The title passed from father to son, including the 5th Earl, Francis Greville, whose wife, Daisy, was a long-term confidant or mistress to Albert Edward, Prince of Wales, who later became King Edward VII and was the inspiration behind the popular music hall song Daisy, Daisy.
Their grandson, Charles Guy Fulke Greville, the 7th Earl, was the last to live at the historic seat of Warwick Castle, before it was sold in 1978 by his son (to whom he had handed control to in 1967) to Madame Tussauds.
In 1665 Charles II granted Kenilworth Castle to Laurence Hyde, 2nd Earl of Clarendon, in whose family’s hands it remained until the 20th century. Despite changing fortunes, the castle had long been a tourist attraction. Curious travellers came even before the Civil War, and by the 1770s visitor numbers were sufficient to warrant production of a guidebook.
In 1790, the Earl of Clarendon was Thomas Villiers. He was the son of the 1st Earl Clarendon (of the second creation) and great-grandson of the 4th Earl (of the first creation). He sat as Member of Parliament for Christchurch and Helston.
The Earldom descended to brother to nephew to son to son to grandson to son.
The Clarendon connection with Kenilworth Castle ended when the 6th Earl sold it in 1937 to the industrialist Sir John Siddeley, whose son gave it to the people of Kenilworth in 1958.
Bertie Greatheed (1759-1826) of Guy’s Cliffe (in this parish) was the son of Samuel Greatheed MP and his wife Lady Mary, whose maiden name was Bertie, the daughter of the 2nd Duke of Ancaster. He was baptised at St Mary’s Church in Warwick. He was a dramatist and wrote a tragedy play called The Regent, which was staged at Drury Lane Theatre in 1788, but was withdrawn after 9 nights. He was supported in this endeavour by the actress Mrs Siddons, who had once been an attendant to his mother and was a frequent guest at Guy’s Cliffe; he dedicated the subsequent publication of the play to her. Bertie also composed the wording for the plaque on Gaveston’s Cross, which commemorates the execution place of Piers Gaveston in 1312 on Blacklow Hill (south of Leek Wootton) and was visible from the manor house at Guy’s Cliffe. The source of his wealth was plantations on St Kitts in the Caribbean. He is recorded as owning around 20 slaves in 1822 and there is speculation that primitive carvings in one of the stable buildings at Guy’s Cliffe may have been carved by slaves. Bertie Greatheed was a prominent figure and landlord in Leek Wootton, Milverton and Warwick. He was heavily involved in the development of Leamington Spa (circa 1810), owning land that was developed on the west side of The Parade, encouraged investors in the development of the town and was a partner in the Pump Rooms. He died in 1826. He had adopted his mother’s surname, Bertie, into his surname and gives his name in his Will as Bertie Bertie Greatheed. His only son, also named Bertie had died in 1804 in Italy, but he had married in France and had a daughter, Anne Caroline, who was adopted by her grandparents and brought up in England as the heiress of Guy’s Cliffe.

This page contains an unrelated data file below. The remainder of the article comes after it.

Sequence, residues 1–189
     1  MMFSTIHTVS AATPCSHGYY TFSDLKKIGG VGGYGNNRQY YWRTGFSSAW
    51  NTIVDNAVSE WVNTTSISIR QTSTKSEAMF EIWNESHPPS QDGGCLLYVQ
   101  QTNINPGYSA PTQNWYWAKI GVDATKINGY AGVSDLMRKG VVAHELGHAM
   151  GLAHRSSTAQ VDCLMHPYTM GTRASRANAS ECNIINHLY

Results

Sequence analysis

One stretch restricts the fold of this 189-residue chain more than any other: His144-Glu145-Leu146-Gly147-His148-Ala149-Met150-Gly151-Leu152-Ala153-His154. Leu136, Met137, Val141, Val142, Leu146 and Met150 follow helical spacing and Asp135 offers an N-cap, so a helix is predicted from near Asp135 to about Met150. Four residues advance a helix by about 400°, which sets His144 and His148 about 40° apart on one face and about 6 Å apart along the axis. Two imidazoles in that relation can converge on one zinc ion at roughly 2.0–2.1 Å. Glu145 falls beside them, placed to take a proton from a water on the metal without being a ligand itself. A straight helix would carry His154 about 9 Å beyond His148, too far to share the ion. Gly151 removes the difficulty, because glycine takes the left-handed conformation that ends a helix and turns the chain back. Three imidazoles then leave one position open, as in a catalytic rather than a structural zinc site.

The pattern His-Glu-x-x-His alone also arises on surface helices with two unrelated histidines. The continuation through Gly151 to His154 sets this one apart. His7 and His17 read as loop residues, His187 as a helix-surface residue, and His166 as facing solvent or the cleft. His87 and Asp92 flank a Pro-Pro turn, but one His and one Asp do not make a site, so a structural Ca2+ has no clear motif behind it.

Henry Christopher Wise was the great-great-grandson of Henry Wise of The Priory, Warwick, Royal Gardener successively to William III, Anne and George I. He inherited The Priory (now the location of Warwickshire County Record Office) in 1850 and had been renting Woodcote (the building currently owned by Warwickshire Police), since 1830. In 1851 he sold The Priory and 37 acres of adjoining land to the Oxford Junction Railway Company and bought Woodcote, which joined up with the remainder of The Priory estate.